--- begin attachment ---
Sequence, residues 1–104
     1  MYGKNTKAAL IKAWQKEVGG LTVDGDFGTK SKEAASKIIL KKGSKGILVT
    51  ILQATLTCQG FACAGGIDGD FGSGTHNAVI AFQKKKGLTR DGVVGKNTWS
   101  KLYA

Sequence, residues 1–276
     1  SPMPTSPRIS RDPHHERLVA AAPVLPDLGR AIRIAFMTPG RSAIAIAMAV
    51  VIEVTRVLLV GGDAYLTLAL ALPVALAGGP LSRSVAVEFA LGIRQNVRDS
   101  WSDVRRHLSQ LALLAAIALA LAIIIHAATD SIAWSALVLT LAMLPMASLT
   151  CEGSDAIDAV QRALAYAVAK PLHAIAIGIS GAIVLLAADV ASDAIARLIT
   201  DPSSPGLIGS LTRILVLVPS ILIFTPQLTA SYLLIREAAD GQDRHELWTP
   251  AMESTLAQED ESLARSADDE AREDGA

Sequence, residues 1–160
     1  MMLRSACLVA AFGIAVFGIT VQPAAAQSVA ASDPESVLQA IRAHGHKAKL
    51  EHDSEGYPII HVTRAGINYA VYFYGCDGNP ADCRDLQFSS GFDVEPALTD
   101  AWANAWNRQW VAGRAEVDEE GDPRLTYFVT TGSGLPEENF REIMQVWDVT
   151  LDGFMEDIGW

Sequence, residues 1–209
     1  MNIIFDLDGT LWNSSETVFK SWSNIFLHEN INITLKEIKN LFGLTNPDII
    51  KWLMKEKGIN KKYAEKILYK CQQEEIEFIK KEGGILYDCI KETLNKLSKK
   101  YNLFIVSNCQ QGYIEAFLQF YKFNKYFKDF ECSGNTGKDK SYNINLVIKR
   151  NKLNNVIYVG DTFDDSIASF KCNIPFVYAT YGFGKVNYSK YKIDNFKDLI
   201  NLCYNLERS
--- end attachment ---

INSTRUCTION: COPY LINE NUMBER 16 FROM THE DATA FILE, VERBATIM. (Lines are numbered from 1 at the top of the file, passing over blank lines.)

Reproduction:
   151  LDGFMEDIGW